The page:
“You poor, suffering soul,” he joked. Then more seriously, “I only notice because I was there to see it. Complain all you want, you’re no less lovely because of it.” It was true, of course. Alduial’s formerly perfectly straight nose now boasted the smallest crook. So small he wagered that only those who had known about her injury noticed.
“Well that is very kind of you,” she replied, not insincerely and with a faint hint of flattery. “But all I wanted was to leave behind a perfectly beautiful corpse and I fear now it shall be unpleasantly flawed. It stings of course, having it taken away from you, control over your own destiny I mean.”
She pulled his hand from the water, running her fingers over it one more time before drying it off. “How are things with you? Now that we have thoroughly analyzed my predicament. You look… tired.”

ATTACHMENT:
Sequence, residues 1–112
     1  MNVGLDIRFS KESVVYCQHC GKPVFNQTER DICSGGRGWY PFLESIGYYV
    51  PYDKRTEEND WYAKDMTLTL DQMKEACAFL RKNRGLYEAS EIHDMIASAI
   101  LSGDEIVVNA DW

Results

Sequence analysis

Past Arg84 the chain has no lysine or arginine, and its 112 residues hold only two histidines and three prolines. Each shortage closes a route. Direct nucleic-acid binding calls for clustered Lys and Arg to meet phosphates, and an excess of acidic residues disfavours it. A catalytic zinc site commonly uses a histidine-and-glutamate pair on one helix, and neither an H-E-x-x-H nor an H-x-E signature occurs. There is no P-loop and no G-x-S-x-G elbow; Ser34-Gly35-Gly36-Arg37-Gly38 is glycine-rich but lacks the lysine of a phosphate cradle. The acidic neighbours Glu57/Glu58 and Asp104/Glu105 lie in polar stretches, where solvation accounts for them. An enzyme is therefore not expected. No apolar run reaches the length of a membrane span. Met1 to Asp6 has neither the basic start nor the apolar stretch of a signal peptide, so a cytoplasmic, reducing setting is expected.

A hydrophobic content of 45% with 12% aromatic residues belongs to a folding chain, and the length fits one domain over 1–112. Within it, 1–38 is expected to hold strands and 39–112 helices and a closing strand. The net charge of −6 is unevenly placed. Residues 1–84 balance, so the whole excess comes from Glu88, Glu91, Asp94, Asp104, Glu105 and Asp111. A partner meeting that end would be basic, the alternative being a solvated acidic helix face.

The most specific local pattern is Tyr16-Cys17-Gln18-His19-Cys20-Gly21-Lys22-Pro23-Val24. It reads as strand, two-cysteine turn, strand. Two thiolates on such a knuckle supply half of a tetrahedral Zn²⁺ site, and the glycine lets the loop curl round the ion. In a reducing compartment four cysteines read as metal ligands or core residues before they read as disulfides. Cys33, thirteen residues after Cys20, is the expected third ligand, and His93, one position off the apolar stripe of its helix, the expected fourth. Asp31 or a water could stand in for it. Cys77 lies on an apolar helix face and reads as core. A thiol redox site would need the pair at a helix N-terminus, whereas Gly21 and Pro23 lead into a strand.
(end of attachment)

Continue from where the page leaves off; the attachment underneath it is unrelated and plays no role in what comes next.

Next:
His shoulders relaxed some as he let her work. “I haven’t been sleeping well. It is nothing unusual, though.”
“Well that will not do. How can you expect to defend me on the walls if you are tired?” Alduial asked, joking, gently setting his fingers on fresh splints. “I can give you a draught for it, but I take it this is some usual thing. Do you know the cause?”
Peldirion frowned and nodded. “I think so. It has been going off and on for several years. This last summer I hardly slept for three months.”
“So what is the cause? Speaking to me as both a healer and a friend of course,” she clarified.
The man’s usual stern expression slowly slid back into place as his eyes darted away. “It is all in my head, I think. You can say it was brought on by a number of things, loss being the chief among them.”